Samantha Horwitz told Royse City Rotarians last week of a September day that she expected to be like any other day.
She learned early that morning, however, that the cliche would not hold true.
The date was Sept. 11, 2001.
Horwitz, a retired United States Secret Service agent who now lives in Rockwall, was on an elevator in the World Trade Center North Tower when terrorist-piloted American Airlines Flight 11 hit the building.
She told Rotarians her first-hand account of “exactly how things went down” the day two jetliners crashed into two World Trade Center towers.
But her account did not cover just the events of that day— how she survived and how she helped others survive.
She also talked about how she has survived post traumatic stress disorder, which took her from being a “highly functioning” federal agent to a person who was afraid to be behind a closed door.
Her drive to work was the first sign that Sept. 11, 2001, would not be a typical day.
“Our motto is, ‘If you’re on time, you’re late,’” she said. “But gosh darn, I got stuck in a traffic jam because of an accident. That never happened before. I was always early on time to work.”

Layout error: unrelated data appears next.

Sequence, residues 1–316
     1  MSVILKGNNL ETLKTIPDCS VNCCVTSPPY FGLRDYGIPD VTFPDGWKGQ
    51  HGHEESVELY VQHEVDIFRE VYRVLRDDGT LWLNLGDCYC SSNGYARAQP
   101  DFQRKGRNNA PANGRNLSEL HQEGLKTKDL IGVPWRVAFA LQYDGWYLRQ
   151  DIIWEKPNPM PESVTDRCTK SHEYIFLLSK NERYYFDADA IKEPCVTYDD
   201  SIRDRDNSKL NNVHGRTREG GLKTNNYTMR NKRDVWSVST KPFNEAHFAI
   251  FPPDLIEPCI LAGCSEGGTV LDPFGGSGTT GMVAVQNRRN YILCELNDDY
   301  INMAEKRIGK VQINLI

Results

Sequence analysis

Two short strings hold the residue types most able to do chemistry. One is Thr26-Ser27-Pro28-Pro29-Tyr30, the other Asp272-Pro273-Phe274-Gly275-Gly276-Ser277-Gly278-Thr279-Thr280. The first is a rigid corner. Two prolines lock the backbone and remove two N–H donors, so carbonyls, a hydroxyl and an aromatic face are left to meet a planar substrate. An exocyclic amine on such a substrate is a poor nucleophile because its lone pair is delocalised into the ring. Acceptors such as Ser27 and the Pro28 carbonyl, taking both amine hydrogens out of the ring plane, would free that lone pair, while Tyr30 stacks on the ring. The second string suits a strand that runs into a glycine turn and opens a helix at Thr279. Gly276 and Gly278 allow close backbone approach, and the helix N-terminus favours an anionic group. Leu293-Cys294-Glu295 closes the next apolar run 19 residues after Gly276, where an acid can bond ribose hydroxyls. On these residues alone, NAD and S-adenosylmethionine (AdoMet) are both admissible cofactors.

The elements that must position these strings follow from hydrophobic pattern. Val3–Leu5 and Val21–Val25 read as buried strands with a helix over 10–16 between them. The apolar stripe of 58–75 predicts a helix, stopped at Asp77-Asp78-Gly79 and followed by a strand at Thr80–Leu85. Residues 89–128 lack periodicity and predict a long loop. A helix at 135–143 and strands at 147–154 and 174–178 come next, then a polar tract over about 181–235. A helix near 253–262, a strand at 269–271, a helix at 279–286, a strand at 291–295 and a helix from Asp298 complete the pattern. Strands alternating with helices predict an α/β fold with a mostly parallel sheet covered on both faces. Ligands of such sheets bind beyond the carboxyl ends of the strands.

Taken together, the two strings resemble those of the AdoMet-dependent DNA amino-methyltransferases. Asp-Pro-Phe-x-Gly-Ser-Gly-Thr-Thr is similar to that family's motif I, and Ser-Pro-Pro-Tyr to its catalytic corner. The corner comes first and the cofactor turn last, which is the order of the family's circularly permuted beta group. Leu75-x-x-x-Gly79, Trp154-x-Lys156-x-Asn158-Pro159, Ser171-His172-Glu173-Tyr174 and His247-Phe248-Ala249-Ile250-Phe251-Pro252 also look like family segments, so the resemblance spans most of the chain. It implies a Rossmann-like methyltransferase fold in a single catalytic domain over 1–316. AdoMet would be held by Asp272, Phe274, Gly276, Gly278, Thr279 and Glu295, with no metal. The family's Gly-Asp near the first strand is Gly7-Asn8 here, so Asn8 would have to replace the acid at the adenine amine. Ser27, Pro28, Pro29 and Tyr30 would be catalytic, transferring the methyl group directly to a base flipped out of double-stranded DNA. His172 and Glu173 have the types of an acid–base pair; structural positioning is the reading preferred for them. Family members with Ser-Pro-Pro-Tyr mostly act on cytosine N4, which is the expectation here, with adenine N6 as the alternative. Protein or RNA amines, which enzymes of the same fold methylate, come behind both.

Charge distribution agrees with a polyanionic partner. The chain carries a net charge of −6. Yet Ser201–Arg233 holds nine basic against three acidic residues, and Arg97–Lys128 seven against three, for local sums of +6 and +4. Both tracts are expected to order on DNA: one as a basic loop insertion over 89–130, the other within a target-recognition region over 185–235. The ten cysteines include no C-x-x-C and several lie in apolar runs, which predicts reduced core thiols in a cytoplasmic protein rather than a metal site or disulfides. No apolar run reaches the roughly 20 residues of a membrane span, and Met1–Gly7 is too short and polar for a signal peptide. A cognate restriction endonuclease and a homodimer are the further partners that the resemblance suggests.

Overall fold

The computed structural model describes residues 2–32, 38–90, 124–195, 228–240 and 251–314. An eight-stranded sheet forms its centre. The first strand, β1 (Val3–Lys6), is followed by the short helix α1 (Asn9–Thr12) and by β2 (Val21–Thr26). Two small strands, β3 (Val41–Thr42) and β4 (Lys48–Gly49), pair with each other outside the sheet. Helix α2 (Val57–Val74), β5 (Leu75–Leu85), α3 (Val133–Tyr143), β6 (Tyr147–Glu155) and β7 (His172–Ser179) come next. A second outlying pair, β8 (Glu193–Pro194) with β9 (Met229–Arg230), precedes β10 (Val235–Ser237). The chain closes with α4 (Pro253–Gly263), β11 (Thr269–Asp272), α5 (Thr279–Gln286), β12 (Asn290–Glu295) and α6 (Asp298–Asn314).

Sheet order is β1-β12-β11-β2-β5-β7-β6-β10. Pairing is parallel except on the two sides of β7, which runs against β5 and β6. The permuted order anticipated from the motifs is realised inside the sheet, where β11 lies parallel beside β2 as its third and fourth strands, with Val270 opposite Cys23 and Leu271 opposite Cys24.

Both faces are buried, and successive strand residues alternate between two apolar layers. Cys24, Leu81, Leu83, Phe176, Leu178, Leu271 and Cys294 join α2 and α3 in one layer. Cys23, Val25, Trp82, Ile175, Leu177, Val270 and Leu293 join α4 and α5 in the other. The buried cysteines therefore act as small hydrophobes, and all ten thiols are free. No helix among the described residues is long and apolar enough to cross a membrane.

After finally arriving at the World Trade Center complex, Horwitz said it appeared many others were also running late that day. The elevator was packed.
Buttons on the elevator were pushed and the occupants appeared to be headed to another normal day at the office.
“All of a sudden, the elevator shook, which was kind of odd, then lights started flickering,” she said. “And then came this sound that to this day I can only describe as a freight train that’s coming at you. It was all of a sudden so very, very loud.
“The elevator car started moving at a very rapid pace and then it stopped and the doors blew open. We were all met with a huge, huge plume of hot air and dust that overwhelmed you.”
The blast blew them to the back of the elevator. The elevator then was sucked up to the plaza level.
“Not to get religious on you guys, things happen for a reason,” she told the Rotary Club audience of about 20 men and women. “I don’t know why we stopped right there because the other elevator car, which was next to us, came plummeting down. Actually, when it stopped, it blew the doors off.”
She said the doors actually severed the legs of one of her Secret Service partners.
At this instant, Horwitz knew only that something bad had happened. Her first thought was that they had felt the impact of a bomb.
What she didn’t know at the time was what caused that freight train sound. She learned later that the noise was actually the sound caused by jet fuel that was pouring down the elevator shaft.